The Chief of Police had given them a severe dressing down, which, to Jemma's surprise, Ash had meekly accepted. He also ordered them to leave the country 'at once' or face deportation. But, given their current condition, and a dose of Jemma's patented 'puppy dog eyes', he relented and said that tomorrow afternoon would do.

The porter opened the door to their room. Ash limped inside and Jemma followed her. While Ash gave him a tip from the money the police had grudgingly advanced her, Jemma stared at the large double bed in disbelief.

The tall woman closed the door on the porter with relief. "Alone at last," she said wryly. She came up behind Jemma. "Problem?"

"That depends." She gestured at the bed.

"Ah. Well, I donít mind - I'm so tired I could sleep standing up - but if you want, I'll ring reception and get them to find us another room."

Jemma glanced at their surroundings. It was the best room they'd stayed in so far. Probably because the Brazilians had made the booking rather than the skinflints back in London. It would be a pain having to change it. So she had to sleep next to the woman she fancied. She could control herself, couldn't she?

"No. it's all right. Leave it."

"OK." Ash headed towards the phone. "I'm calling room service. Fancy anything?"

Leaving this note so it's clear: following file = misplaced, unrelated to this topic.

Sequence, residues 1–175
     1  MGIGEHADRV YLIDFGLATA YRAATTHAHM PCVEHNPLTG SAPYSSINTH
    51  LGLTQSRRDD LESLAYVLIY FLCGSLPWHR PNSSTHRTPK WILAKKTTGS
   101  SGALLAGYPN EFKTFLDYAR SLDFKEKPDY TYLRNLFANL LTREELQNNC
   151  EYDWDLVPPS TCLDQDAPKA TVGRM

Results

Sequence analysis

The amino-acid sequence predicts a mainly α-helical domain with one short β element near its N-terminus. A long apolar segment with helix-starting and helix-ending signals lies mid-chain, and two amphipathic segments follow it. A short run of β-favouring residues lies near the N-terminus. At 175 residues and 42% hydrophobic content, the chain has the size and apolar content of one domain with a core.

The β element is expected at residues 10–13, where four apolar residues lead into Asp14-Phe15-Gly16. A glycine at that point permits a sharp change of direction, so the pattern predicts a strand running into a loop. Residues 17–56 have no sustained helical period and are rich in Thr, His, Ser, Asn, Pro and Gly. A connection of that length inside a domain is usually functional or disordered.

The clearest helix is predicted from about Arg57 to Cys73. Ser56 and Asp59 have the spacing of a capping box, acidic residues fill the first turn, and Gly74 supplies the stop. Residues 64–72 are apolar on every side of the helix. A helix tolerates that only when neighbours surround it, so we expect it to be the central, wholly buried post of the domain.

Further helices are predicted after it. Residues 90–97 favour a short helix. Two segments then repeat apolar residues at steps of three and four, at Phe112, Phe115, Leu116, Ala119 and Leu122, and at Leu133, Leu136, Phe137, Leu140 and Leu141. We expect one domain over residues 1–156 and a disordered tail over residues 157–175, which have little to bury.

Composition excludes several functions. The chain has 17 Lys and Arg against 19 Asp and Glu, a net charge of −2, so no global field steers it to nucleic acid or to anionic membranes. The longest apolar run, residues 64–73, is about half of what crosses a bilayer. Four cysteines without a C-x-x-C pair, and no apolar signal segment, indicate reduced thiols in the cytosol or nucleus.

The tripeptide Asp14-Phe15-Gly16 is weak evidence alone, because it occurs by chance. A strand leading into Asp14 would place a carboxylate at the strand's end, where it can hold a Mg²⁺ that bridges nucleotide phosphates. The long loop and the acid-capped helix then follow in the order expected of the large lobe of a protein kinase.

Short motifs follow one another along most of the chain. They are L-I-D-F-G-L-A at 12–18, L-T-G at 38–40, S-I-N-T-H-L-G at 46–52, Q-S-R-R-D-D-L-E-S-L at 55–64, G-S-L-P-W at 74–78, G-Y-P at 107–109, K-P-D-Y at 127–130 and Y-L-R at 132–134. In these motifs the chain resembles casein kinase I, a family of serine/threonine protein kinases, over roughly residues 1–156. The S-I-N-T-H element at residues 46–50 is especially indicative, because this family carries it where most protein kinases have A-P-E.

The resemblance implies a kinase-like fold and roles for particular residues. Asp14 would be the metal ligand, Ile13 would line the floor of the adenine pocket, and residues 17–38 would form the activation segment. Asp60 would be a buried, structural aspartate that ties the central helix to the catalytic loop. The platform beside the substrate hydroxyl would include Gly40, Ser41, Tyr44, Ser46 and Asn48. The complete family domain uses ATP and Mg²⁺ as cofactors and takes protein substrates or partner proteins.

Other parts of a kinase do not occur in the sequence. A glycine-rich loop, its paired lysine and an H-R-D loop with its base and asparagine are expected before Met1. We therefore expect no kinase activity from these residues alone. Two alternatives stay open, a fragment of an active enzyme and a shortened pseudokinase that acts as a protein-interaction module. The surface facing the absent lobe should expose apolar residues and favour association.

Jemma stomach spoke for her. Apart from a cheese sandwich, its corners curling at the edges, that the police had given her at lunchtime, she'd had nothing to eat for hours.

Her partner grinned. "Care to translate?"

"Um." She had an urge for something uncomplicated. "Do they do a nice juicy steak? With chips?"

"Can but ask. How do you like yours?"

"Well done."

Ash nodded and dialled, rattling off some phrases in rapid Portuguese. She put the receiver down and turned a satisfied smile Jemma's way. "Two steaks - one rare, one well done - and chips, coming right up."

"Ooh!" The blonde's mouth watered at the thought.

"After that, I need a shower." Ash started to shrug out of her jacket then froze, wincing.

"Here. Let me." Jemma crossed the room in two strides, and eased the jacket carefully over the thick bandage. "There." She held up the ruined jacket.

"Thanks." Ash regarded it ruefully. "I think it needs the last rites."

"If it's any consolation, I'm sure it led a full and happy life."

The dark-haired woman snorted. "Yeah, right." She wandered through into the bathroom, and a few minutes later Jemma heard the sound of a toilet flushing and taps turning. She sat on the bed and bounced experimentally a few times, then crossed to the wall mirror, winced at her reflection, and tried to finger-comb her hair.

Ash came back out. "Where's that steak?"

"They're probably out lassoing the cow as we speak."

A knock at the door made them both turn. "Room service," came a muffled voice.

Jemma chewed her lip. "I'm not sure I should answer it, after what happened last time."

"It's either that or starve to death." Ash rose and stationed herself beside the door. "You take out the bad guys," she stage-whispered. "I'll protect the steaks."

"Very funny." Jemma took a deep breath, reached for the handle, then whipped the door open, startling a young man in hotel livery. He lost his grip on the heavy silver tray and it tipped alarmingly.